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Historical Curiosities

Some historical curiosities

Historical Curiosities

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Some historical curiosities

This island has a lot of history. The two most famous eras, which have left the most impressive buildings, were the Greek-Roman and the Norman (11-12h c.) The latter is famous for its Catholic churches with Byzantine mosaics, and some work by Islamic craftmen. The Norman Kingdom of Sicily began as a "private enterprise" conquest due to the Hauteville Greater Greece, and areas of Greek language and Orthodox religion survived into and after the Norman era. Indeed, there are still a few villages in the "toe" and "heel" of Italy where the "Griko" language is spoken. They had risen to prominence amongst the Norman mercenaries who had come to southern Italy in the early 11th century, and who had eventually wrested control from the squabbling local lords and cities who had employed them, and taken over the areas remaining under Byzantine government. Their reputation as tough fighters and negotiators was well deserved.

In 1160 the emir of Catania requested their help against his rival emirs in Sicily, and in 1061 the Normans landed near Messina, and soon conquered the area. It took several decades to subdue the rest of the island, largely because they could rarely spare more than small forces from their other quarrels in southern Italy. Henceforth, until Italian unification, Sicily was usually ruled together with southern Italy. This was the area where Greek settlements formed.

One of the "might-have-beens" of history is that Syracuse might have succeeded Constantinople as the capital of the Roman empire. After the loss of most of the eastern territories to the Muslims, and with Constantinople under threat, and having failed to re-capture Rome from the Lombards; the Emperor Constance II, in 663 settled his administration at Syracuse, to resist Muslim incursions into Sicily. However, in 668 he was assassinated in his bath by a chamberlain wielding a soap-dish, and his successor returned to Constantinople.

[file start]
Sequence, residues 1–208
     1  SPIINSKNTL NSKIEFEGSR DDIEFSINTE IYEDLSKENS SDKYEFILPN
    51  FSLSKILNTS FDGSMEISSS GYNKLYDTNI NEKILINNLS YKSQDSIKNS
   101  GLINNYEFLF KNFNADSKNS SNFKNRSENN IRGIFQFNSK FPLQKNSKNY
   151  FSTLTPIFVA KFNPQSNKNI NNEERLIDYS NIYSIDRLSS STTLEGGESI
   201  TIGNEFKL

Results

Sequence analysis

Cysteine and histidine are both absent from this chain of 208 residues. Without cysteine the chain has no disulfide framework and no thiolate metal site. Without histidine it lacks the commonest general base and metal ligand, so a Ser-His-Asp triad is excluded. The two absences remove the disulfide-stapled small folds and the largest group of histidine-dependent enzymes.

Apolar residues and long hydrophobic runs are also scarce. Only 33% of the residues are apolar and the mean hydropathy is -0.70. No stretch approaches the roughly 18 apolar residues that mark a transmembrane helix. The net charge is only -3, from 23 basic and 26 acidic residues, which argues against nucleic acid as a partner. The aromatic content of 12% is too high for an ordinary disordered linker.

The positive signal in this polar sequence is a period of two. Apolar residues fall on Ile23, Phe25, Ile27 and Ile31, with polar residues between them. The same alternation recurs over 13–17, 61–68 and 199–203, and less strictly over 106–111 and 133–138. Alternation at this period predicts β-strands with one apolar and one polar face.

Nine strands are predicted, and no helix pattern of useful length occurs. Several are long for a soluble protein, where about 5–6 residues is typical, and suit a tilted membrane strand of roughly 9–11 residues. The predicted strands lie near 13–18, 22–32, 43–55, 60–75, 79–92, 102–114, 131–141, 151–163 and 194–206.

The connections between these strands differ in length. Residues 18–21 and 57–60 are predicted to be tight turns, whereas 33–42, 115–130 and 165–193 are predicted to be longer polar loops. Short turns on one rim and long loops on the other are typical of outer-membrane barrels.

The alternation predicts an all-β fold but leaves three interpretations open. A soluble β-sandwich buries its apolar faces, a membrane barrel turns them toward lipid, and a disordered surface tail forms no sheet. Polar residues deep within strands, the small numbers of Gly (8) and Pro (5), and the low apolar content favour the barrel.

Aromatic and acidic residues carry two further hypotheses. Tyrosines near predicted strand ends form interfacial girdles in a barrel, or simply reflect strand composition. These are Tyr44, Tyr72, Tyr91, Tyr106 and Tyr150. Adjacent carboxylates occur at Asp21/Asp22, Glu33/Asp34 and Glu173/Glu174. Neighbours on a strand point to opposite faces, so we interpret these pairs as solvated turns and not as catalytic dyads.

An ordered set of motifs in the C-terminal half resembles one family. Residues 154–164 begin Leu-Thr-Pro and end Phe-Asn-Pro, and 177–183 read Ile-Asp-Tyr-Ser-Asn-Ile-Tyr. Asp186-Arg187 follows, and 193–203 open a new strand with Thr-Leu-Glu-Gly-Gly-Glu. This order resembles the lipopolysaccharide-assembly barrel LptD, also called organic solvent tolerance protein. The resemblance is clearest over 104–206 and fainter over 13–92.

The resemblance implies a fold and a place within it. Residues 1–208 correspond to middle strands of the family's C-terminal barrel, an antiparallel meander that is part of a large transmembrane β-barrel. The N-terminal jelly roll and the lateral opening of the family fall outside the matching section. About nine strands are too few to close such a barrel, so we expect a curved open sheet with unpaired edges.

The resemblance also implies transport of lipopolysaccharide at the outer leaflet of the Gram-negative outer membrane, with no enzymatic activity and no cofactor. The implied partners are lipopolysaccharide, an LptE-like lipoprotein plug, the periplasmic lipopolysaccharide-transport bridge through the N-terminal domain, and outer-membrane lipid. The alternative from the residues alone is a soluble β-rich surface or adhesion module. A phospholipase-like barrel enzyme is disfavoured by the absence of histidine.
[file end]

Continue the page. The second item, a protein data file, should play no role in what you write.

The Norman period ended with the inheritance of the Kingdom of Sicily (including southern Italy), by the Swabian or Hohenstaufen Holy Roman Emperor Henry VI, in 1195. The area became embroiled in the disputes between the Papacy, the Holy Roman Emperors, the East Roman (Greek) and Latin Emperors – all claiming to be successors of the Roman Empire. Probably the most famous of these emperors was Henry’s son Frederick II, known as "Stupor Mundi". He recovered Jerusalem, for a while, by negotiation with the sultan of Egypt, and had himself crowned there as King of Jerusalem in 1229. He is buried in Palermo Cathedral.

Some connections with Norman Britain

  • A few knights who fought at Hastings in 1066 had participated in the invasion of Sicily in 1061.
  • William the Conqueror’s brother Otto of Bayeux was buried in Palermo.
  • The design of the lions in the English royal coat of arms may have originated in Sicily.
    (Standing on three legs, with right foreleg raised – "passant guardant".)
  • A mosaic of Thomas Becket in Monreale Abbey was the first public memorial to him after his canonisation in 1173. his relatives had taken refuge in Sicily during his exile.
  • Joan, sister of Richard the Lionheart, was married to William II King of Sicily in 1177.
  • Walter of the Mill became Bishop of Palermo and advisor to William I.
  • In September 1190, Richard the Lionheart arrived in Messina on his way to the Third Crusade.
  • Richard demanded and secured the release of his widowed sister, with her dowry and inheritance.
  • In 1255 Henry III accepted the Pope’s offer to give his son Edmund the title of King of Sicily.
  • Over-taxation of England, in order to pay the vast sums of money demanded by the Pope for this title, contributed to discontent and barional revolt, leading to Simon de Montfort forcing Henry III to accept parliament. (The title was withdrawn after about half the money had been paid, and re-sold to Charles of Anjous, brother of the King of France. – who proceeded to conquer the Kingdom.)
  • The Isle of Man shares with Sicily the emblem of three legs – and may have copied it at this time.
  • Much later … in 1799 Nelson evacuated King Ferdinand from Naples to Palermo, when French revolutionaries attacked.
  • The King gave Nelson an estate at Maniace near Mt. Etna.
  • Wine production increased to supply Nelson’s fleet, based at Messina.
  • British families became prominent in producing and exporting wine from the Marsala region.
  • In the late 19th and early 20th centuries, members of the Whitaker family acquired the island of Motya and excavated the Phoenician settlement.
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